Boat in a harborIn my professional learning journey facilitated by the JEMF Fellowship, my task and privilege was to learn everything I could about cultural and linguistic competence and genetic counseling. I networked with national experts, attended conferences and learned new terminology, concepts and practices. However, I needed to go back to the basics: Genetic Counseling 101. As I re-read articles from our genetic counseling literature, many “old” articles took on new meaning. I came to realize that experts in cultural competence in our field such as Vivian Ota Wang, Ilana Mittman, Jon Weil, and others, HAD been speaking and guiding me and all the members of the genetic counseling profession, but I had not been fully “listening.”

Immersion in these topics resulted in a better appreciation of how genetic counseling is inherently grounded in principles of culturally competent health care. A fundamental tenet of genetic counseling is to provide individualized, client-centered care. We work from the client’s agenda and provide more or less guidance as each family needs and wants. We have solid and versatile skills that generally “work” with most clients, as long as we always use individual approaches and don’t assume anything! We ask colleagues for help when we are “over our heads.” The profession of genetic counseling has a firm foundation for providing culturally competent health care. But, there is more to it.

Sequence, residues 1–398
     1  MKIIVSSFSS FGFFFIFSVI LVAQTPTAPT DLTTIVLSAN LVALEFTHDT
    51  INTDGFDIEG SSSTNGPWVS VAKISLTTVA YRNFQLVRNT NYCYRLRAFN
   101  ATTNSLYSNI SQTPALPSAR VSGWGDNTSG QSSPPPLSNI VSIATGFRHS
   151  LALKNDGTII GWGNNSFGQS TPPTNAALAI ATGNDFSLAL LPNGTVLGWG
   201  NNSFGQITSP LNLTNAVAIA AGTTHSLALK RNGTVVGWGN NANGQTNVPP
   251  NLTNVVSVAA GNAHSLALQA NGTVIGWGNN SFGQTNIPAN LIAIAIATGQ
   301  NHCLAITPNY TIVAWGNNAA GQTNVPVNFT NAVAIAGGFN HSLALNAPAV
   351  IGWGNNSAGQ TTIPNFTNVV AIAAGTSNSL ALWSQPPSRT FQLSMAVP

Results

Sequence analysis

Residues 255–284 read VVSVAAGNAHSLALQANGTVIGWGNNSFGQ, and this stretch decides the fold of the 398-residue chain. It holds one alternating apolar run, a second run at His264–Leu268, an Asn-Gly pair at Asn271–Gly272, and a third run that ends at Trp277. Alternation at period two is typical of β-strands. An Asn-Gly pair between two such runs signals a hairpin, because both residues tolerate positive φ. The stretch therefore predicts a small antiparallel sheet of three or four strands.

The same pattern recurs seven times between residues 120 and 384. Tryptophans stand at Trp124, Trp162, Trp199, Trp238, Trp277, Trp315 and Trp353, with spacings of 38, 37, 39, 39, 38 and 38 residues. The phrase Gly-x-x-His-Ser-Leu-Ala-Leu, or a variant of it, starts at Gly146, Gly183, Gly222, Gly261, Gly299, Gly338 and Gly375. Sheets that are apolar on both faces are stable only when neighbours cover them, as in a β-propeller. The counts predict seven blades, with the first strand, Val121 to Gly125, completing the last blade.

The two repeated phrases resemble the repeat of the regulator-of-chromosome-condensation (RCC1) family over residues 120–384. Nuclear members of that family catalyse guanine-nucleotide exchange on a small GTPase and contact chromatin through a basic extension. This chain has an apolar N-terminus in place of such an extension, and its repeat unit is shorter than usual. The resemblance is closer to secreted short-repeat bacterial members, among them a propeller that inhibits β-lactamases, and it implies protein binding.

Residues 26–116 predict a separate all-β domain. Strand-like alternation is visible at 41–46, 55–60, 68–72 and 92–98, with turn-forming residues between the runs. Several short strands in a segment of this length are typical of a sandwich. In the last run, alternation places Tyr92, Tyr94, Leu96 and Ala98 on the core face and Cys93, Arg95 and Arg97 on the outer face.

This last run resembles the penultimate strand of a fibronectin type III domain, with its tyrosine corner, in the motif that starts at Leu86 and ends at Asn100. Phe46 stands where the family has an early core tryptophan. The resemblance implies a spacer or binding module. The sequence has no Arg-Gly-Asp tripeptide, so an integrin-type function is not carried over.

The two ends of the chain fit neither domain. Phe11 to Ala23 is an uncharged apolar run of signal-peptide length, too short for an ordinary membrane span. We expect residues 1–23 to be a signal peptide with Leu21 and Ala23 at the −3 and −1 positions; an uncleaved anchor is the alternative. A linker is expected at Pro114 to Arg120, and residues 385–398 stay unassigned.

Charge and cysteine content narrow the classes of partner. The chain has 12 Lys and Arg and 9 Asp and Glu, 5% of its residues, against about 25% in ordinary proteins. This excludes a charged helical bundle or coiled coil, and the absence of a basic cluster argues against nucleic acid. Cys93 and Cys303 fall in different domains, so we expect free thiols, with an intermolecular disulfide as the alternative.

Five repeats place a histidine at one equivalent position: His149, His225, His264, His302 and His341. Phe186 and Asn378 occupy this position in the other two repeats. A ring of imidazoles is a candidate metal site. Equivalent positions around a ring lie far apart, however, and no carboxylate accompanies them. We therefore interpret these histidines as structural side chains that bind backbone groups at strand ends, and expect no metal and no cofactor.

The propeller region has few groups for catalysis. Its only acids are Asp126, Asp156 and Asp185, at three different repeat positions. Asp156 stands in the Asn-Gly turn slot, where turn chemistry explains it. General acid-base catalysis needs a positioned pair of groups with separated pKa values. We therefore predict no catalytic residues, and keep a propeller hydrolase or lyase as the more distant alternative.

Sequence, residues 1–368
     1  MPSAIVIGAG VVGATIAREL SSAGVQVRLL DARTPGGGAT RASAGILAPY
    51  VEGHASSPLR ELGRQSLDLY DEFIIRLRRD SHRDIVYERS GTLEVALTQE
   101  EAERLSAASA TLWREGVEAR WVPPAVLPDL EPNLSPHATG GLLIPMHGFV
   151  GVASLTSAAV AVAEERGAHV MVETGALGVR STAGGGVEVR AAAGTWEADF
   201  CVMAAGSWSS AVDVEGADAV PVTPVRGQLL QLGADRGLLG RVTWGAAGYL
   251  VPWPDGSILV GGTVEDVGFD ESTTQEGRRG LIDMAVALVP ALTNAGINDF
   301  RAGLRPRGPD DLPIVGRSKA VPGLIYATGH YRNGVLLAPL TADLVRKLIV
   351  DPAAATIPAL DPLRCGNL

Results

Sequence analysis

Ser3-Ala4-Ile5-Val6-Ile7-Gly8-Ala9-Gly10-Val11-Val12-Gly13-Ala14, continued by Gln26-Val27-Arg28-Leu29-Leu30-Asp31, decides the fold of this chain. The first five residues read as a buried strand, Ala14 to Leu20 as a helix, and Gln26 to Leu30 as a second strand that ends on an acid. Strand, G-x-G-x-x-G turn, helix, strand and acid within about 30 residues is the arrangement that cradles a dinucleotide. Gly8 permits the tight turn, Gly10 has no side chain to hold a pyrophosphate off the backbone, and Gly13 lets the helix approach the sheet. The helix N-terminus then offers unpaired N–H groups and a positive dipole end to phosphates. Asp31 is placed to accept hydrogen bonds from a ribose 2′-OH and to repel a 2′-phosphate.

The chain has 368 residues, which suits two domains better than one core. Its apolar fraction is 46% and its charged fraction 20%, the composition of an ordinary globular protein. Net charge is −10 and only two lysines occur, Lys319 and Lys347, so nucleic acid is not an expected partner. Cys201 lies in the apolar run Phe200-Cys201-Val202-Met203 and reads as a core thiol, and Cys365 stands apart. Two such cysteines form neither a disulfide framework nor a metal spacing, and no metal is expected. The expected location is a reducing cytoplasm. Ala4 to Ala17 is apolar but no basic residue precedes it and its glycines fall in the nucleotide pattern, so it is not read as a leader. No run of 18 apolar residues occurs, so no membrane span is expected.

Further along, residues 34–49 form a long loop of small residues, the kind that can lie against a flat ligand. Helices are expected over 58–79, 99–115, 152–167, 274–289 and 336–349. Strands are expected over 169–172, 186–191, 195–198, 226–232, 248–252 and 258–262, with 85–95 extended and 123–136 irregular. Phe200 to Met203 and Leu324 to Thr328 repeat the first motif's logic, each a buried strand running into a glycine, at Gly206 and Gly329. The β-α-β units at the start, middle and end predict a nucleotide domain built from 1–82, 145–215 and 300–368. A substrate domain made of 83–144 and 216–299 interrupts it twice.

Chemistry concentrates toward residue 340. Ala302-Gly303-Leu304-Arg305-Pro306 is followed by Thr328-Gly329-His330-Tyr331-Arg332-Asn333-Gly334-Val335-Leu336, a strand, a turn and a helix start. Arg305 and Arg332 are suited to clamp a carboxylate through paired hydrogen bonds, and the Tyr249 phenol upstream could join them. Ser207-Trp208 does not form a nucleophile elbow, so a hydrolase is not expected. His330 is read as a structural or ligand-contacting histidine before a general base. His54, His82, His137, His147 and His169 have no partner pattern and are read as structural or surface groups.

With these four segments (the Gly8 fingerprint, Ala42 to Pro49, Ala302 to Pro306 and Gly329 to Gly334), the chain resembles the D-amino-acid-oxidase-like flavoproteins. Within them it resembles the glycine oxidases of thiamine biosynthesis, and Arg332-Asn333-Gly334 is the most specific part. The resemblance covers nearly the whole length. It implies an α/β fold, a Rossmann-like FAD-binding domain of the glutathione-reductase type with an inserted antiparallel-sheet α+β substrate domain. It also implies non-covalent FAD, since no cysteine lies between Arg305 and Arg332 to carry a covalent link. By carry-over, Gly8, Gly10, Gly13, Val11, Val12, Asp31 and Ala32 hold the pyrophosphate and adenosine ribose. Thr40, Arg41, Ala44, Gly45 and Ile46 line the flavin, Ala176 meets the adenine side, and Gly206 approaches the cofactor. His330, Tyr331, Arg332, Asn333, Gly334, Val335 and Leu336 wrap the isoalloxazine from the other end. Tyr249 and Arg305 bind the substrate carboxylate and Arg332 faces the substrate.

Cultural competent genetic counseling means admitting that we’ll never know everything we need to know. Therefore, we are committed to continually learning. We are humble and introspective, always reflecting on what went well and what we need to improve. We have biases that can cloud our thinking, influence our behaviors, and contribute to health disparities. We do our best to identify our biases by paying attention to our thoughts, feelings, and experiences and openly sharing them in peer supervision settings. We take full advantage of using resources developed outside our field, such as cultural and spiritual assessment tools, that can help us more completely understand our patients. And, we consider what goes on in each genetic counseling appointment in the context of that client’s physical, family, and socio-cultural worldviews.